For nearly ten years, Matthew Birt has been a leader at The LJD Jewish Family & Community Services. As Program Director of At Hope Youth and Associate Director of Achievers For Life, Matt supports and empowers children and families throughout Northeast Florida.
At Hope Youth, also known as our Diversion program, provides at-risk youth an alternative to the formal juvenile justice system and services based on their individual needs. At Hope Youth involves case management, goal-building, law education, and immersive mock trials to prevent future delinquency. In addition to rehabilitating youth learning from their mistakes, Matt supports children and their families through the Achievers For Life program. Achievers For Life provides family support, mentors, and academic assistance for students exhibiting early warning signs of academic failure and dropping out. In his previous role as a Family Assessment Support Team (FAST) therapist, he provided intensive supervision and services aimed at stabilizing families.
While he continues to shine a light in children’s lives, we aim to shine a light on Matt in our first entry of Staff Spotlight.
Q: How long have you been an employee at JFCS? What is your role? Have you had any past roles at JFCS?
Matt: It’ll be ten years in June. My current title is the Associate Director of the Achievers For Life (AFL) Program. I’m also the Program Director of the At Hope Youth & Family Program. I initially started in June of 2013 as a FAST Therapist. I was in the home doing therapy with families who were in the FAST program.
Q: How did you find your way to JFCS?
Matt: I found my way to JFCS working with families and kids, and someone said, ‘Have you ever thought about working for JFCS?’ I didn’t know a lot about the agency at the time, but I really wanted to work with kids. So, I applied for it and got the position!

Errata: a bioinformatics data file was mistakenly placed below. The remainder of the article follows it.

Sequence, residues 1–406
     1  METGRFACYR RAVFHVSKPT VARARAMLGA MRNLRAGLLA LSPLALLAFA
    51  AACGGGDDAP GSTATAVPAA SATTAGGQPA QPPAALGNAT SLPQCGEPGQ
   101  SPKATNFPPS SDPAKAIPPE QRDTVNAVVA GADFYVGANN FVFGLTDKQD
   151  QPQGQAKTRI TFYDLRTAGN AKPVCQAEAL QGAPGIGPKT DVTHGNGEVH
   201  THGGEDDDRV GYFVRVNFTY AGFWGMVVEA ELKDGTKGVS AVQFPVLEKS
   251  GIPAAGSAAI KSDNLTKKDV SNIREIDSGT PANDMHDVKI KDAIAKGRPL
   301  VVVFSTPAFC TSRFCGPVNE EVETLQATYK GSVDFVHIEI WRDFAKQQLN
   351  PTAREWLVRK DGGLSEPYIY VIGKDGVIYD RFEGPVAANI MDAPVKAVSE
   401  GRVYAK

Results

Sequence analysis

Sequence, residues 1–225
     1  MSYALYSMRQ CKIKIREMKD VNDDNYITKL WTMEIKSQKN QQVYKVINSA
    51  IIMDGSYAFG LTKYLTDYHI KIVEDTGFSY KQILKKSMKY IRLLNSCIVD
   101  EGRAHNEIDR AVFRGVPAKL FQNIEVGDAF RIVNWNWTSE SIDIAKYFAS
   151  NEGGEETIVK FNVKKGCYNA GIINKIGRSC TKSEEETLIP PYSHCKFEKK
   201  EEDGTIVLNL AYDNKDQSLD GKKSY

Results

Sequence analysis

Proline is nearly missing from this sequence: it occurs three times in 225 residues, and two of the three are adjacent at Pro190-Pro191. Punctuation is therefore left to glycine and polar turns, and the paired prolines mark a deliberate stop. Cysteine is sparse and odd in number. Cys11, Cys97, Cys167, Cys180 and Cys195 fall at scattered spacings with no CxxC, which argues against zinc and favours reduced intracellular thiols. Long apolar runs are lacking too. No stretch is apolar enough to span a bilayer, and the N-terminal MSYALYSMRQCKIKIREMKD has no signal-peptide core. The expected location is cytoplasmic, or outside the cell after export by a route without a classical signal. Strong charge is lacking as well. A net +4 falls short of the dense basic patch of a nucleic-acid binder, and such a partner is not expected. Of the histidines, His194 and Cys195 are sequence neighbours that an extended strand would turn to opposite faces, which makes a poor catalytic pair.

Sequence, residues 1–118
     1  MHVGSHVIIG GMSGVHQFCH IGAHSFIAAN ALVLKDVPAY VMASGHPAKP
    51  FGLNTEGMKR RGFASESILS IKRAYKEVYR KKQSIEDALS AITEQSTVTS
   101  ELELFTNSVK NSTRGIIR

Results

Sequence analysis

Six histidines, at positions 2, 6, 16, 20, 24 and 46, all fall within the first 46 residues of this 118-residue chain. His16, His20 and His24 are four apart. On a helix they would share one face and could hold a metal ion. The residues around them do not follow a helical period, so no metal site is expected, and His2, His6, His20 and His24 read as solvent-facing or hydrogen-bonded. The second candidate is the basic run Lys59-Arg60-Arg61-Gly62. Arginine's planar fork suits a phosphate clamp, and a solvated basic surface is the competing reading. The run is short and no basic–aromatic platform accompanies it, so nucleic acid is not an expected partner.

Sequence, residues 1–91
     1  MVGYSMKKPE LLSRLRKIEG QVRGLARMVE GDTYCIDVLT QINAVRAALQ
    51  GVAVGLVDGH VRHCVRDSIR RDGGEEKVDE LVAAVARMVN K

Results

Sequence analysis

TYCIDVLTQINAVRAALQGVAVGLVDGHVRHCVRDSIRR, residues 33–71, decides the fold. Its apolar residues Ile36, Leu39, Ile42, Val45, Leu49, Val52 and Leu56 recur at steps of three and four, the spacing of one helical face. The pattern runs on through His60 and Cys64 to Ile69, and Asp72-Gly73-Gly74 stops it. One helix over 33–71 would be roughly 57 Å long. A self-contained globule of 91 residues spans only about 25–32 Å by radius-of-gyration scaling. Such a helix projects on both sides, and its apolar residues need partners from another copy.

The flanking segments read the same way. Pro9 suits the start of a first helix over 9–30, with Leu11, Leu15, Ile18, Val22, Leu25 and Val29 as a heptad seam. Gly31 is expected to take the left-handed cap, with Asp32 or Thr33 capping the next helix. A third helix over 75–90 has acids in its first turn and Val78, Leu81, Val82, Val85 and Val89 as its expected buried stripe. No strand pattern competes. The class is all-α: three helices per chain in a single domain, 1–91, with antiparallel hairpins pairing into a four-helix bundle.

Q: What do you enjoy most about working with JFCS?
Matt: I just love the agency. I enjoy making change: empowering coworkers, families, changing policies and procedures… I’m the type of person who gets along with everyone, but I hold people accountable at the same time. That’s a tricky balance, but that’s what JFCS allows us to do.
Q: What challenges do you face in your position, and how do you overcome them?
Matt: Well, each challenge is different. For Achievers For Life, it’s finding people willing to go into the school system and work with kids. It’s a collaborative effort, and you really have to find the right fit for the program. For At Hope Youth, the challenge is that it’s a very new program. We’re in our second year and it’s a year-to-year program, so sustainability – getting folks to join and stay – is a challenge.
Q: What is your favorite memory from working at JFCS?
Matt: Wow, there’s so many. I enjoy seeing the wish lists, the gift giving, the donating to families… I came from a single-parent home. My mom didn’t have the funds or resources for lots of Christmas presents. As a child, I remember going to toy-giving parties at the Coliseum. For Christmas back then, you went through a line and they gave you something. I see (the gift giving) here, on the level that it is, it’s so impactful. When I see how we’re giving the kids what they asked for… Wow.
Q: What would you say has been your greatest accomplishment in your work at JFCS?
Matt: My greatest accomplishment is working in three different programs at JFCS: I started with FAST, came to AFL, and now I’m doing At Hope too – being successful in all three programs. It’s rare to make a difference at every stop you go to, and I think that’s my greatest accomplishment. It requires teamwork too. With the FAST team, you’re teaming with therapists, case managers, and supervisors. AFL works with the family and achievement advocates. The Diversion program/At Hope is working with Teen Court and DCPS.
Q: How do you spend your time when you’re not working?
Matt: It’s kind of changed now. I used to coach basketball, football – I coached everything. My son passed in 2021. When he was going through chemo and wasn’t able to play baseball anymore, I asked him, ‘You want to help me coach?’ He said, ‘Yeah, I really want to do that.’ So, my goal is to one day get back into coaching… Right now, I like music, sports, and relaxing by the water.
Q: Why should people invest in the JFCS mission of “helping people help themselves?
Matt: We do so much. We work with different entities in the community, so if people want to give back, they can give to high-risk newborns, schools, dependency, foster care, Holocaust survivors, financial assistance, the food pantry, the clothing closet… You can give to all those programs and make a difference. If someone pours into JFCS, they know they’re making a difference because all our dollars are going to families and empowering them.
Matt’s efforts in Achievers For Life and At Hope Youth undoubtedly shape the lives of our new generation, especially those that are marginalized and disenfranchised. His passion for youth success authentically depicts the JFCS mission of “helping people help themselves.”